Surtees and Warwick weigh in on Hamilton debate

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Lewis Hamilton’s behavior and comments across the course of the Monaco Grand Prix weekend have certainly ruffled a few feathers, with John Surtees and Derek Warwick becoming the latest figures to condemn his actions.

Hamilton was left fuming after losing pole position to teammate Nico Rosberg under controversial circumstances. Whilst on provisional pole, Rosberg made a mistake on his final flying lap, taking to the slip road at Mirabeau after locking up.

However, this brought out the yellow flags, and meant that none of the drivers behind him – including Hamilton – could improve their time.

Rosberg denied doing it deliberately, and despite the stewards agreeing with him after an investigation, Hamilton seemed sure that it was an intentional move to deny him pole position. He went on to finish the race in second place behind Rosberg, but did not congratulate the German on the podium.

Derek Warwick was the lead FIA driver steward in Monaco, and told British newspaper the Daily Mail that Hamilton should “man up” and accept the decision his team made.

“I understand that Lewis was upset,” Warwick said. “Possibly he would have gone faster than Nico on that lap. Arguably the incident cost him the grand prix.

“I don’t want to give him advice really. He has won umpteen races and a world championship, but if I were to say anything, it would be to man up and concentrate on the next race in Canada.

“We had all Mercedes’s data, including Lewis’s data to overlay on Nico’s. We had the FIA data. We had onboard shots, overhead shots, circuit shots. We had throttle traces, braking traces, everything we needed to make, hopefully, the right decision.”

John Surtees concurred with Warwick, saying that Hamilton’s behavior in the wake of the defeat was disappointing.

“I have no doubt about Lewis Hamilton’s driving ability, but I didn’t like what I saw and heard from Monaco,” the 1964 world champion wrote in his column for Motor Sport Magazine. “I can understand the frustration that Lewis must have felt in not having that opportunity on the last lap of qualifying to get pole.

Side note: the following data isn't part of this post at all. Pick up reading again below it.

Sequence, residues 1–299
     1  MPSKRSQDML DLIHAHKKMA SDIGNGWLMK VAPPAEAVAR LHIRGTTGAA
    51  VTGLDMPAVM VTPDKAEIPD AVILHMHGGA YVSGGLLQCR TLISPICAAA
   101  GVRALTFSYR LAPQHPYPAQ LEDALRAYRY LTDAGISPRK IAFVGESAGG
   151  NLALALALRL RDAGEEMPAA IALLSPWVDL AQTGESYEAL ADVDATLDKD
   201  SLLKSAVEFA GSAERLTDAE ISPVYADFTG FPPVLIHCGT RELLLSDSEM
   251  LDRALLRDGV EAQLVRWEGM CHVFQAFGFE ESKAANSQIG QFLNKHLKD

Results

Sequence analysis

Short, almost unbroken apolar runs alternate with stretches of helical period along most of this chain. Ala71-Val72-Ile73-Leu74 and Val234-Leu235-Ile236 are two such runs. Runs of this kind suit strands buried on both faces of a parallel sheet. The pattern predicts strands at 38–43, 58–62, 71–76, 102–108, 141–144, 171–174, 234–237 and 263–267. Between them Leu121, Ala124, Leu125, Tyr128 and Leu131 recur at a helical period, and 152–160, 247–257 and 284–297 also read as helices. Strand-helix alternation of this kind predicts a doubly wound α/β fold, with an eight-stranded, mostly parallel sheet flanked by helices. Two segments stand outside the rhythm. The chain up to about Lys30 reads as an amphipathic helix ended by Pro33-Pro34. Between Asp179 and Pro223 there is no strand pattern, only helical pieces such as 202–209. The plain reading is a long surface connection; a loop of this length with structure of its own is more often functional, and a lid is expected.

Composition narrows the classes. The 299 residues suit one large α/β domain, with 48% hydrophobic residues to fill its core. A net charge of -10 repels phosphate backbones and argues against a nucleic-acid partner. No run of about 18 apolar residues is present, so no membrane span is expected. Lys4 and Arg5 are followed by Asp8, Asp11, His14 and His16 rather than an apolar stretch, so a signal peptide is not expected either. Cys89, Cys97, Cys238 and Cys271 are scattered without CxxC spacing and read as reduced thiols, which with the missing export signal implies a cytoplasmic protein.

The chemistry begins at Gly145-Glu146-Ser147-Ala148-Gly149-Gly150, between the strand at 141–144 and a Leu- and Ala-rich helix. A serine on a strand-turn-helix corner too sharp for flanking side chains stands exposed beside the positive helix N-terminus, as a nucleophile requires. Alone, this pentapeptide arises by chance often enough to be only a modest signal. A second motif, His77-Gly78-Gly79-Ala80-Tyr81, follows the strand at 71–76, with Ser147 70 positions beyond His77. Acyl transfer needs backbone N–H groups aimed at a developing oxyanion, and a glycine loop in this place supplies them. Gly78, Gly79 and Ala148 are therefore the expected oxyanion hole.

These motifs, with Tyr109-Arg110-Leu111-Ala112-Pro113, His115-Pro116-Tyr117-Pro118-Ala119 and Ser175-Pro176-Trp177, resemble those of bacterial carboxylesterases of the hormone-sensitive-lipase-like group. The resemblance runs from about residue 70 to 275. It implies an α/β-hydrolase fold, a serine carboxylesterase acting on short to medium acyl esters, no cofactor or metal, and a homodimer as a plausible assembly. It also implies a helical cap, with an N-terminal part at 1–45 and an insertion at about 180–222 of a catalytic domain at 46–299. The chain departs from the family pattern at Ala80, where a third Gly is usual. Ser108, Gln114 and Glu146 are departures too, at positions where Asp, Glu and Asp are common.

“But I think his reaction to his teammate and team was wrong.”

General consensus in the paddock is that Rosberg’s error was exactly that – an error – and that Hamilton’s frosty reaction was a little uncalled for. However, in the bid to win a second world title, the Briton is clearly pushing as hard as possible.

It will be interesting to see how the intra-team relationship has changed by the time of the next race in Canada, but judging by the fall-out in Monaco, we could be set for a spectacular battle at Mercedes in 2014.

Dodge to celebrate 50th anniversary of Hemi motor at NHRA U.S. Nationals

Photo courtesy Fiat Chrysler Automobiles
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When this year’s NHRA U.S. Nationals plays out from August 29 through September 3 at Indianapolis Raceway Park, a lot of folks are going to be channeling one of the most famous lines in motorsports:

“Hey, that thing got a Hemi?”

Dodge and parent company Fiat Chrysler Automobiles on Thursday – on National Hemi Day, no less – announced that it will celebrate the Hemi’s 50th anniversary of Super Stock cars with the 18th annual Dodge Hemi Challenge during the U.S. Nationals.

Cars that will take part in the Challenge will be 1968 Dodge Dart and Plymouth Barracuda cars – “The most iconic of the Mopar package cars,” touted a Dodge press release – in a head-to-head battle.

The Dart and Barracuda were purpose built for use solely on a drag strip. The 23 entrants in the Challenge will drive their personally owned versions of the ’68 ‘Cuda and Dart.

The winner of the Challenge – which will be held August 30-31 – will take home a $15,000 purse, while cash rewards will be available for all 16 drivers that qualify for final eliminations.

“The Dodge brand is proud to serve as title sponsor of the NHRA Dodge HEMI Challenge, an event that spotlights the legacy and power of the 426 HEMI engine,” said Steve Beahm, Head of Passenger Cars, Dodge//SRT, Chrysler and FIAT, FCA North America.

Beahm added, “This year marks the 50th anniversary of the Dodge Dart and Plymouth Barracuda Super Stock cars that debuted back in 1968 and are still competing today, which makes our support of this edition of the HEMI Challenge extra special.”

One special incentive for contestants is the 42.6-pound NHRA Dodge HEMI Challenge trophy, created in the spirit of the 426 (cubic inch) HEMI engine.

Jimmy Daniels has won the Challenge the last two years and goes for a three-peat in this year’s race within a race. His father, Jim Daniels, won the race in 2010.

The Challenge’s all-time winningest driver is Charlie Westcott Jr. of Parma, Michigan, who captured the Challenge in six different years: 2005, 2006, 2008, 2011, 2012 and 2014.

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